I’ve been travelling again, in a limited way.
This last week, I was in Germany. I flew to Frankfurt, took a train to Wiesbaden, and tasted some of Germany’s finest wines for three days. Then I got a lift to Oberhaus in the Nahe, where I spent two days at Gut Hermannsberg, a remarkable wine estate that is making some of the country’s best Rieslings.
Prior to this, I spent a long weekend in the Languedoc visiting Gerard Bertrand’s collection of Languedoc estates, as well as attending the jazz festival – this was the 17th year that he has hosted this. So good to see biodynamic farming on this scale (850 hectares overall), as well as initiatives like the 3 million bottles of no-added-sulfites wines he makes with partner wineries.
And I also visited UK winery Tillingham for a weekend, exploring the UK natural wine scene.
By normal standards, this is pretty modest travel. And it has been quite a difficult adjustment to make – first of all, to not travel for months, and then to travel under very different conditions.
How was flying? The airports are quiet, and in some ways nicer places to hang out. The planes are just as busy (which may be a concern for some). There’s also inconsistency in terms of the contact tracer form you have to fill out online: returning through Heathrow from France, the border control officers checked that everyone had filled out the form electronically, while this week there was no check.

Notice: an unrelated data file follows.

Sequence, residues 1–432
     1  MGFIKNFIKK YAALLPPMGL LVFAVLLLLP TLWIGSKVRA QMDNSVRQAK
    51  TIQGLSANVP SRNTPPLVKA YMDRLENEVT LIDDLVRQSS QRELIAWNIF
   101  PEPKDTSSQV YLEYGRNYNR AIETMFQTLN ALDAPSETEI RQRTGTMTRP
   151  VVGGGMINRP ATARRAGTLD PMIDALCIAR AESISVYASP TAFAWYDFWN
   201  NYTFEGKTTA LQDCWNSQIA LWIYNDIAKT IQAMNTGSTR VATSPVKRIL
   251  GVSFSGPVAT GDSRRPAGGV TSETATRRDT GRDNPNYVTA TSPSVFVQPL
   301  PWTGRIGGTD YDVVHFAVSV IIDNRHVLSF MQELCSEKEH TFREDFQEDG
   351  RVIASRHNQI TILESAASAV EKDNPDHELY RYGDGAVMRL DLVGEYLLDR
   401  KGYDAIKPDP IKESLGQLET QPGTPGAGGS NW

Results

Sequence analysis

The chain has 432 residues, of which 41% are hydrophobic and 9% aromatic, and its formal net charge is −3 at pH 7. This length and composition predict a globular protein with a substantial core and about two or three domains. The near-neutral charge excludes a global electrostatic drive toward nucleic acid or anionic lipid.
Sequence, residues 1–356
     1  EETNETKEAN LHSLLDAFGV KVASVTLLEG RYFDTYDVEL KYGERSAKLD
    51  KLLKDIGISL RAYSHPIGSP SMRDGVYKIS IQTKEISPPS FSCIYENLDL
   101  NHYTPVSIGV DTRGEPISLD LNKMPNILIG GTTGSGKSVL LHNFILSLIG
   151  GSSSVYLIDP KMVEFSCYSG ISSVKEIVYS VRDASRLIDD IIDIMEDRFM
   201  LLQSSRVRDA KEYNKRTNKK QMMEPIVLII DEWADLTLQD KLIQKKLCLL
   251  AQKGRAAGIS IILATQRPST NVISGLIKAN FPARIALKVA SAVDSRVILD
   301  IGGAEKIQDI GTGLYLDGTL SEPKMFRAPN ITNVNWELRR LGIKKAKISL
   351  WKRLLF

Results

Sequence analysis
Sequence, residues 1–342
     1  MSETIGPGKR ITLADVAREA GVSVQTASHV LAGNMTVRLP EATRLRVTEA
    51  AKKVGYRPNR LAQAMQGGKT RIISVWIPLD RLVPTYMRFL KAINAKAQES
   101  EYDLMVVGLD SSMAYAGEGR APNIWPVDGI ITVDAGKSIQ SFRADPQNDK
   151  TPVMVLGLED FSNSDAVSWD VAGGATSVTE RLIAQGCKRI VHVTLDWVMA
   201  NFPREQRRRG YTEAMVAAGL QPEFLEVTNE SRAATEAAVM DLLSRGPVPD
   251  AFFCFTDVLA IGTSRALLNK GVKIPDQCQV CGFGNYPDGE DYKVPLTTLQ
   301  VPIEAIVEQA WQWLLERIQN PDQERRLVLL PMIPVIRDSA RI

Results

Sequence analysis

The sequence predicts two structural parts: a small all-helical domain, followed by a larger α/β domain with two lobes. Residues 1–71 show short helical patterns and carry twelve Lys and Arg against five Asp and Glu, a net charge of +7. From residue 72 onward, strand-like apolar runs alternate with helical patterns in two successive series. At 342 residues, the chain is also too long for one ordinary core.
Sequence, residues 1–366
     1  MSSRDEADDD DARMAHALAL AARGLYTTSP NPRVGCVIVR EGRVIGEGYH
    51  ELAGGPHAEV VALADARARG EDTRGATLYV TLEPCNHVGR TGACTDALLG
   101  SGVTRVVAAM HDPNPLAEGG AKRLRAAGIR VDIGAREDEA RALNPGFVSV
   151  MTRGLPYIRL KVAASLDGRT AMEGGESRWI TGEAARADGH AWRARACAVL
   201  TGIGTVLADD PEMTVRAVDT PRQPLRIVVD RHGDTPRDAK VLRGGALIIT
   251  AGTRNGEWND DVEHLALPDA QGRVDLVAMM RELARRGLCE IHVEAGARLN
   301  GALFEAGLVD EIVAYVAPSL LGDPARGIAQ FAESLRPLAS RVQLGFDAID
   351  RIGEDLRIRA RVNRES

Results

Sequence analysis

There is a lot of uncertainty at the moment. It was so lovely to be back doing the job that I love, and which I think I am good at. Yet, it was a taste of the past: things will probably never be back to what we think of as ‘normal’ for a very long time.
Long haul travel is out for perhaps a year, maybe more. Short haul travel plans are made with a sense of trepidation. There’s a good chance that they may be cancelled at short notice.
I’m also rethinking my business model. Travelling 300 days a year is brilliant for collecting new material, meeting people, and learning. But it isn’t sustainable on a personal level, and the carbon footprint is shocking.
I can do what I do well with less time on the road.
There’s a big psychological side to the whole Covid pandemic. It’s probably affecting us all in different ways, some of which we aren’t aware of.
A perspective though: we may be living with uncertainty; we may have suffered financial loss; we may have even lost friends or family. This is terrible. But for many around the world, this has been a reality for many years. Being human is not straightforward, and challenges and difficulties will come calling. We can’t stop them. But we can decide how we respond to them.
So, back in the saddle? Tentatively. Not really, though.
Reminder: this blog is irregularly updated, but there are daily updates on the main wineanorak site.